Last week I shared a message that I received on Facebook:
I hope American people wouldn’t bother it at all for a moeslim girl like me study and live in their neighbourhood
It inspired us to look at stereotypes and how American classmates react to foreign students. Our bloggers said they have had positive experiences, and that Americans who don’t know much about their countries are more likely to be curious than judgmental. But we wanted to look deeper at what it’s like for Muslims students who come to the U.S. Is Islamophobia real, and will you experience it?
We are not terrorists
Our reporter Suzanne Presto spoke this month to a group of students who had just arrived in the U.S. from Pakistan as part of the UGRAD exchange program, and many of them talked about their desire to prove to Americans that Pakistanis and Muslims are not terrorists.
Muhammad Aslam told her he had read in the media about controversy over building a mosque near Ground Zero and the rise of Islamophobia in America. “We have been labeled as terrorists and aggressive people, but we are not like that,” Muhammad said.
According to Meena Malik, a Muslim American and sophomore at the University of California, Irvine (UC Irvine), this misconception does exist, but it comes in waves, ignited by media coverage of certain events:
I feel like in general there are different cycles where there are some things that come out and then people start getting really scared. In terms of the media, whether it was the Park 51 mosque or ‘Burn a Koran day‘, or last year there was the Christmas underwear bomber, there’s been different things that happen and people start getting a little scared or nervous and there are media frenzies.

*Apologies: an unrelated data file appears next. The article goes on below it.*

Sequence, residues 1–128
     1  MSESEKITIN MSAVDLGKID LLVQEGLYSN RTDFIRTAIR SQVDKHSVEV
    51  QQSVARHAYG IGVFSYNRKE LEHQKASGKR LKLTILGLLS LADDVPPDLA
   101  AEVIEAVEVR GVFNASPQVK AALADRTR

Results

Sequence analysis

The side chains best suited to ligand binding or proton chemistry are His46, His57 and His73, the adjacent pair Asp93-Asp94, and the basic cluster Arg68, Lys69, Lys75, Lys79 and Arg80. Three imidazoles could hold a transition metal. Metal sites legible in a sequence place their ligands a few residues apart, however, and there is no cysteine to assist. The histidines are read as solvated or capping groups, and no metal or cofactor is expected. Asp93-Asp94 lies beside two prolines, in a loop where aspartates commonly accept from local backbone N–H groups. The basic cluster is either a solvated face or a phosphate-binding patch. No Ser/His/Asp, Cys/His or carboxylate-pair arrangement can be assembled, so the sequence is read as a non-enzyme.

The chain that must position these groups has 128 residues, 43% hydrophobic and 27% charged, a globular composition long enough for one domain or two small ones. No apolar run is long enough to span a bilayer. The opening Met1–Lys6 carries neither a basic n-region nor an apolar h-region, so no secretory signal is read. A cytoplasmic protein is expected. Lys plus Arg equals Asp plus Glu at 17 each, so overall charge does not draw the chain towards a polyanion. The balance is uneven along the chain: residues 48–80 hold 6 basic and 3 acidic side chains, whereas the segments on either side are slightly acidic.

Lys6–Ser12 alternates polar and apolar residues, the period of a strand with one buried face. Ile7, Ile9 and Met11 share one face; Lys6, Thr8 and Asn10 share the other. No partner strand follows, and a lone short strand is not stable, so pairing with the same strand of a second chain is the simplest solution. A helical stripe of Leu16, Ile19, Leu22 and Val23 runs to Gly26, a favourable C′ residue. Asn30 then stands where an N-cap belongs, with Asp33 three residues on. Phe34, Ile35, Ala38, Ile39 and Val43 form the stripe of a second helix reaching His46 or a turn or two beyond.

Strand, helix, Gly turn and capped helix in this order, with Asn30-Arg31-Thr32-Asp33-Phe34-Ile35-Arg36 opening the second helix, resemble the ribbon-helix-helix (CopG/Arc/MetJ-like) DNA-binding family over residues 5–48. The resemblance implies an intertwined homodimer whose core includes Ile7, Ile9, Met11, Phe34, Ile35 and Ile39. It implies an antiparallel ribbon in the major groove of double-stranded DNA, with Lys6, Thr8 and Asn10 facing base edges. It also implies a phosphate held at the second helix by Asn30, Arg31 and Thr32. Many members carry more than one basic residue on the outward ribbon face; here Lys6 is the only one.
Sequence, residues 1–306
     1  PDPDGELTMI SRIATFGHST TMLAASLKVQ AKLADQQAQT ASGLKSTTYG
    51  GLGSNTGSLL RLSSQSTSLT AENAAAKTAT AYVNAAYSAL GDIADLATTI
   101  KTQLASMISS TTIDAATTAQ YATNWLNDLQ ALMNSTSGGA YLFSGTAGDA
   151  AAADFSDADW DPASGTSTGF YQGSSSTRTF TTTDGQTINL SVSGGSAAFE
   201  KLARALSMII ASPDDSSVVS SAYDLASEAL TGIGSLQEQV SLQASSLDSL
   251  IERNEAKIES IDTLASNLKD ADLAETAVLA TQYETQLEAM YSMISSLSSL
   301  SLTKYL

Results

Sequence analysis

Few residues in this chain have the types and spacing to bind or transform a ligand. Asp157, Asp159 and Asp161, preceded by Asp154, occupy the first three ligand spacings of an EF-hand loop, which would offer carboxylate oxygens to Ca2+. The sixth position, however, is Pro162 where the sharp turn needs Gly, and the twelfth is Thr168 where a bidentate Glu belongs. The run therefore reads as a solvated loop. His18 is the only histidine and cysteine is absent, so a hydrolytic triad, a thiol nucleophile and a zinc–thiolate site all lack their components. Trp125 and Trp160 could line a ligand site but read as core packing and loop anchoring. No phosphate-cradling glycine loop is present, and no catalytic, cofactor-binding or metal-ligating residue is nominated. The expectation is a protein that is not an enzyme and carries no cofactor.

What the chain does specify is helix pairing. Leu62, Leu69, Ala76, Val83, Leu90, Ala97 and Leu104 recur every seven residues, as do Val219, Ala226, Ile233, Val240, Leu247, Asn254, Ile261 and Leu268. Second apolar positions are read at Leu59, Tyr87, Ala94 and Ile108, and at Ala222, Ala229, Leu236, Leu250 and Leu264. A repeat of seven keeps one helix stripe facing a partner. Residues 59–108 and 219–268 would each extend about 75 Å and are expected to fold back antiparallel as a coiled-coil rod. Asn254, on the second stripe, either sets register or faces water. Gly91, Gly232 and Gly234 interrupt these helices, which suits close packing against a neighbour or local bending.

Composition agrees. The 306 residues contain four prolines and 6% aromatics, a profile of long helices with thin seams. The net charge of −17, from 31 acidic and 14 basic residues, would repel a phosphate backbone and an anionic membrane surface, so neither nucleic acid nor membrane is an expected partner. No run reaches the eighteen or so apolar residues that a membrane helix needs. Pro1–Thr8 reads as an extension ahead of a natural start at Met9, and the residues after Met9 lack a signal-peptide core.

When I spoke to Meena, she had just attended the Muslim Student Association West conference, where over 1,000 Muslim students from California gathered to discuss the way Muslims are viewed in America, and to unite behind the theme of the conference, “Taking Back our Narrative.”
“In general I’m thinking, I’m hoping, there’s a trend where Muslims are being portrayed in a more positive light and where Muslims themselves are being more vocal in saying, ‘No, this is not how it is,’” she said.
Umer Sultan and Beenish Akhtar are two students who have recently changed their appearance in a way that makes them more easily identifiable as Muslims. They discussed how they have been perceived since making the change, and how they believe Muslims are viewed in America.
1) Umer, Eastern Michigan University – Growing a beard
Umer Sultan, who was born in Pakistan and came to America in high school, said that since moving to the U.S. he has sought to stay tied to his faith, and he recently decided to grow a beard in accordance with the commandments of Islam. He described on his blog how classmates reacted to his new appearance:
I really like when people are eager to learn and they ask me questions. So I was happy that people were asking me questions that they would not ask such questions before but there were some others who resort to passing out judgement.
One such judgement among others was that my brother looks like a “Mini bin Laden.” This came to me shocking, I have heard the word “Terrorist” before but never thought that some people would actually compare us with Bin Laden [sic].
But Umer told me that most Americans don’t react that way. “It’s more on media. People are nice. In general people are nice, there are just one or two people here or there who might give you trouble. But that should not make you disheartened or anything. ‘Cause there are other Americans who are supportive and who are very nice.”